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Caring for my step dad


Question: My mother has been the primary care giver for my stepfather for more than 20 years. He has chronic heart failure, a clotting disorder, morbid obesity, and hidradenitis. Two weeks ago, my mother had a stroke and lost the use of her right arm. She has difficulty swallowing, is unable to stand on her own, and has some personality changes.

My stepfather is unable to cook, clean, do laundry, wash himself etc. He also has wounds in his groin related to his hidradenitis. For the first few days I was able to help him every day with breakfast, dinner and wound care because I had time off from work. I am now back to work (12 hour shifts 7pm - 7am, sometimes 3 to 5 days in a row). I can only make it to see him once every 2 to 3 days. He calls me many times a day and gets upset that I am not able to help him several times a day.

He continues to call my mother and tell her he needs her to come home and take care of him. I have tried to explain to him that when she comes home, she will need someone to care for her, but he doesn’t seem to believe that. I have even called the local VA hospital and left several messages with the social worker to try and get help for him, but have not received a response.

I sometimes feel guilty that I can’t get there more often. I have been alternating days between helping him and visiting my mother. When I do go to help him, it involves about two hours. I do laundry, fix him a meal, clean up, give him a ‘bed bath’, and change his dressing. I am very uncomfortable and this is bringing up some childhood issues that I would rather leave in the past. I am averaging three to four hours of sleep. Last night, he actually called my mother and said “Your daughter (meaning me) needs to come here and change my bandages. I am a bloody mess and she won’t come. I haven’t eaten all day.” He is only concerned about himself. I am so angry I don’t want to help him at all anymore. What should I do?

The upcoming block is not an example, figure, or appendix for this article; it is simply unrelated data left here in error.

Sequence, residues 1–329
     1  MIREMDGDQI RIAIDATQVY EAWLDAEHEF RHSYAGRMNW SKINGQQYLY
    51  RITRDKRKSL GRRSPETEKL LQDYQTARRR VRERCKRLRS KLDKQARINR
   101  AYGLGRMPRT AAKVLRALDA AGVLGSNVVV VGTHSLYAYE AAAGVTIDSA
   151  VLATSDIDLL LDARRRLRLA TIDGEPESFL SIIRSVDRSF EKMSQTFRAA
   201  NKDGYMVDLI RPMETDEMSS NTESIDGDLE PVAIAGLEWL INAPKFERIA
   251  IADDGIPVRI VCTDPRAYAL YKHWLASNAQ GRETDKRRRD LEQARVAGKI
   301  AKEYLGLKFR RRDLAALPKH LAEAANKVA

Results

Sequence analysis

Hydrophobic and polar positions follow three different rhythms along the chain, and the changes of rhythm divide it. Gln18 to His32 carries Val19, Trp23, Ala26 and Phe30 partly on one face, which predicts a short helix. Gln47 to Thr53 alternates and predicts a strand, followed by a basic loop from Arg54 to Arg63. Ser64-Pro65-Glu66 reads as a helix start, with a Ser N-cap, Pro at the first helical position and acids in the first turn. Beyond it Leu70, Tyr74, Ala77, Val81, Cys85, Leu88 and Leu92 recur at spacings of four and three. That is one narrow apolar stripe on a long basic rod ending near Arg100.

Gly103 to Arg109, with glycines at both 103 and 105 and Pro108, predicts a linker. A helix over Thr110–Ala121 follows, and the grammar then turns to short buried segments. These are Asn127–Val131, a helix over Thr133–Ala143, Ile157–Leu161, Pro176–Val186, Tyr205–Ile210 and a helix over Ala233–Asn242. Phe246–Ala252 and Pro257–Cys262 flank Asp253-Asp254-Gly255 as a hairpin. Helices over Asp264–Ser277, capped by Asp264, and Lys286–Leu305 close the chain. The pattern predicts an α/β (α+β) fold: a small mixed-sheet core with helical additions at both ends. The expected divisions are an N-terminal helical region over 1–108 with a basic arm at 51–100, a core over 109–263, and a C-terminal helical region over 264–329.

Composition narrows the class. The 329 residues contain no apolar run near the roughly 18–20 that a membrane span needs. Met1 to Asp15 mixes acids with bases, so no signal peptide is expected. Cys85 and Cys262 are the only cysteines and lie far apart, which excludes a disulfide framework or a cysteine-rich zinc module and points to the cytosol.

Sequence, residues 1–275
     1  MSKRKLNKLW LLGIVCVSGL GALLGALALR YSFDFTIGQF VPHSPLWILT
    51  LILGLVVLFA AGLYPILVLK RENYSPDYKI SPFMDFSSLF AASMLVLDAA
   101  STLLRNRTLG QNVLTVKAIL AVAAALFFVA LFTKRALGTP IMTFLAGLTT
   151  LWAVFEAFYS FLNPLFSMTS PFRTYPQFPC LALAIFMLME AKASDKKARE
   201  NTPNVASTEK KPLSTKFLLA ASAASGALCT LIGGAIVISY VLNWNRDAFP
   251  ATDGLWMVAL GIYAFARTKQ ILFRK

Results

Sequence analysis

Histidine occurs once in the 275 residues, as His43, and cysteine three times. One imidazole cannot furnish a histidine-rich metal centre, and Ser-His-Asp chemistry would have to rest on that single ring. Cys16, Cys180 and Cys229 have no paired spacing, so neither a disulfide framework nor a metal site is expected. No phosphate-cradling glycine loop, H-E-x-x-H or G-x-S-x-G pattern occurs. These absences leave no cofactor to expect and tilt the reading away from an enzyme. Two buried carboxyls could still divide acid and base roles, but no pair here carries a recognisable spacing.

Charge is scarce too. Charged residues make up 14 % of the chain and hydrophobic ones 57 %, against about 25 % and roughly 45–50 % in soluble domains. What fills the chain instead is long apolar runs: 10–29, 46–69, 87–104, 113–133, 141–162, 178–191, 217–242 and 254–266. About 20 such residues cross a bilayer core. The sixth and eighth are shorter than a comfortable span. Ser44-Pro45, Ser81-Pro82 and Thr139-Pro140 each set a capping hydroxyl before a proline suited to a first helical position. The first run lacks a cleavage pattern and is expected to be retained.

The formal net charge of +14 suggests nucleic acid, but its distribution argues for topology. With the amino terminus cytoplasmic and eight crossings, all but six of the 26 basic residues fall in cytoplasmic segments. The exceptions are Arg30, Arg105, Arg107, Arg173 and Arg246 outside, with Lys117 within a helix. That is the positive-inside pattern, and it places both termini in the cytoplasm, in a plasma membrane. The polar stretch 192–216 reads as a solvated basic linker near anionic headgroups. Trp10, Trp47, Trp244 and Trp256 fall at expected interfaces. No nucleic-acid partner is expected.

Dr. Amy: You definitely need help—and right away. You’ve got a lot on your plate, and when we're sleep deprived and stressed out, everything feels even more difficult. I encourage you to:

  • look at your mother and step father’s insurance policy to see what it covers
  • call Adult Services to see if your parents are eligible for In-home Aide Services
  • make a list of friends and family who can help you, in the short term. Think about your own friends as well as your mom and step father’s friends and neighbours. Many hands make for light work applies here. If you can put together a team of 5-10 people and each person is willing to stop by for an hour once a week, you won’t have to carry the load all by yourself.
  • call community service organizations, like Meals on Wheels to find out what services they can provide
  • keep calling Veterans Affairs, if your step father is eligible for assistance

If you can afford it, a geriatric care manager will save you a lot of time by doing a professional assessment of your situation and helping you make a plan. Geriatric care managers are familiar with resources and services your mom and step father may be eligible for, which is a great help. They can also point you to resources in the community where you can get help for yourself.

You are embarking on a new journey with your family, and there may be other challenges that crop up as the situation unfolds. You need emotional support and the sooner you set up a support network the better you will feel. A caregiver support group is an excellent start. Talking to people who are walking the same path will give you strength.  You may also wish to seek counselling to explore and resolve the issues from your childhood. Many people find that unresolved childhood issues resurface during caregiving.

I understand your frustration with your stepfather. My guess is he is experiencing his own frustrations dealing with a lot of chronic issues without your mom. A geriatric care manager could help him understand the new situation and put him in touch group for himself.

I send you strength.

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